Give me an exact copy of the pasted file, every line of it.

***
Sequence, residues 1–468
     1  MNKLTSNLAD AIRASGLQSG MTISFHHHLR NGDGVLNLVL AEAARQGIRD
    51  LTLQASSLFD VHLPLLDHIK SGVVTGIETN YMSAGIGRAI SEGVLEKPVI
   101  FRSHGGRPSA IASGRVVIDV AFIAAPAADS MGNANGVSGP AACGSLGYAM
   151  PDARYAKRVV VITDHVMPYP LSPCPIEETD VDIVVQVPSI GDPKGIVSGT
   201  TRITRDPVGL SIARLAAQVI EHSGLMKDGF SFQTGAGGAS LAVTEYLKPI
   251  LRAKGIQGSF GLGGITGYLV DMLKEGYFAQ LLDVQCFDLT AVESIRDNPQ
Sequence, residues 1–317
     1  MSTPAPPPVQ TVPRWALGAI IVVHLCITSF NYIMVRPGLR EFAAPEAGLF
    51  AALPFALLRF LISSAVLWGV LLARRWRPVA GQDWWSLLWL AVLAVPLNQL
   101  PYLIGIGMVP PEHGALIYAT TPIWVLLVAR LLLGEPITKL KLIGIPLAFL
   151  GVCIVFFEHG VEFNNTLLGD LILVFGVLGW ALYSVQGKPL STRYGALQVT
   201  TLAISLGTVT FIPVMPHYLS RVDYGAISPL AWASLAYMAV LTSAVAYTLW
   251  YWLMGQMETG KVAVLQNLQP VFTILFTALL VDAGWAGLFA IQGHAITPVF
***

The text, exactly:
Sequence, residues 1–468
     1  MNKLTSNLAD AIRASGLQSG MTISFHHHLR NGDGVLNLVL AEAARQGIRD
    51  LTLQASSLFD VHLPLLDHIK SGVVTGIETN YMSAGIGRAI SEGVLEKPVI
   101  FRSHGGRPSA IASGRVVIDV AFIAAPAADS MGNANGVSGP AACGSLGYAM
   151  PDARYAKRVV VITDHVMPYP LSPCPIEETD VDIVVQVPSI GDPKGIVSGT
   201  TRITRDPVGL SIARLAAQVI EHSGLMKDGF SFQTGAGGAS LAVTEYLKPI
   251  LRAKGIQGSF GLGGITGYLV DMLKEGYFAQ LLDVQCFDLT AVESIRDNPQ
Sequence, residues 1–317
     1  MSTPAPPPVQ TVPRWALGAI IVVHLCITSF NYIMVRPGLR EFAAPEAGLF
    51  AALPFALLRF LISSAVLWGV LLARRWRPVA GQDWWSLLWL AVLAVPLNQL
   101  PYLIGIGMVP PEHGALIYAT TPIWVLLVAR LLLGEPITKL KLIGIPLAFL
   151  GVCIVFFEHG VEFNNTLLGD LILVFGVLGW ALYSVQGKPL STRYGALQVT
   201  TLAISLGTVT FIPVMPHYLS RVDYGAISPL AWASLAYMAV LTSAVAYTLW
   251  YWLMGQMETG KVAVLQNLQP VFTILFTALL VDAGWAGLFA IQGHAITPVF